Zeny May Recidoro
As children, and even as adults, we are often told to be kind. It's one of those statements that seems to be an effective form of edification, like “be yourself”, but if you think about it, what does it mean? What does it take to be kind? It is not easy to deconstruct kindness, but paying attention to our gestures and why we are doing it can help us gain insights. I think to be kind and to be mindful are rather essential practices, especially in a time when there is so much confusion and conflict. It is also interesting and heart-warming to think that sincere gestures arise during lapses, as when we falter we recognise those who truly support us in our best and worst moments.
We have different interpretations of what kindness means and how to be kind. Some of us express it through little acts everyday in being polite, charitable, generous, or patient. And, most of the time, the unfortunate reality is, we do acts of kindness if we think we will get something in return. For example, we give to those in need during a crisis or calamity, because we think that we will eventually be rewarded or it makes us feel good and reassures us that we have no further responsibility to help because we have already given. And it does not have to be a grand gesture, giving your time to listen to a friend who is going through a tough time or even being patient with someone.
When I began working at a university museum, an encounter with a child and two women who run a food stall showed me how genuine gestures of kindness can positively transform people. The child, a boy of nine, is an orphan being raised by his grandmother. To earn extra income, he sells hair ties around campus after attending school. I know, this story seems a little too Dickensian for comfort, and a rather perfect formula for a sob story show on local TV, but it's also a reality that people have to come to terms with. The women decided to take the child at their store, feed him, and let him sell to their customers. Sometimes he'd dance to entertain their customers and they'd eventually buy from him. Writing this down makes it seem rather comic and frivolous, but seeing the child daily (I have become friends with him, too, and as a consequence, have several hair ties despite having a short bob!), I've also observed that he appears happier and rosier than before. He sells plenty each day and earns enough money to help him and his grandmother get by.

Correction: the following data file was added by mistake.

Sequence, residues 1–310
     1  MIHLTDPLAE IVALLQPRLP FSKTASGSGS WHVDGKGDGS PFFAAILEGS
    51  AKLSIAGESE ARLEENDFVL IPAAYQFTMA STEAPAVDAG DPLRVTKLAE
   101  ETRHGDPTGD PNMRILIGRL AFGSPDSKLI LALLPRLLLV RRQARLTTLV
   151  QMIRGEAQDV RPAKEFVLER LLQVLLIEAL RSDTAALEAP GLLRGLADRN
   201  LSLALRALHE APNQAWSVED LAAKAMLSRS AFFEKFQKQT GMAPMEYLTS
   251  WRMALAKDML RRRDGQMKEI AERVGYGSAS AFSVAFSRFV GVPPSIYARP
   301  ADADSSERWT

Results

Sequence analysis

Now, the women have a choice to have nothing to do with this boy. After all, he was not theirs and bore no relation to him at all. But they did not do this and instead chose to care for him, perhaps their mothering instincts are strong? Then again, our security guards would also help these children, and even foster and care for stray cats. They care in totally selfless, warm, and empathic ways, and it's rather interesting to see that this genuine care and cultivated kindness is sometimes expressed by some of the most disadvantaged people in our society. Where does this come from and how are they able to sustain it? I know it's somewhere from the mind and heart, but what is it particularly about the way we think and feel? I'm inclined to think that perhaps this is, again, a case of nurture against nature, of how one was raised and in what kind of environment or household. Although I am certain that it's kindness that begets kindness. And if you find yourself in a rut or crestfallen on what's happening in the world, just remember: sit, breathe, love.
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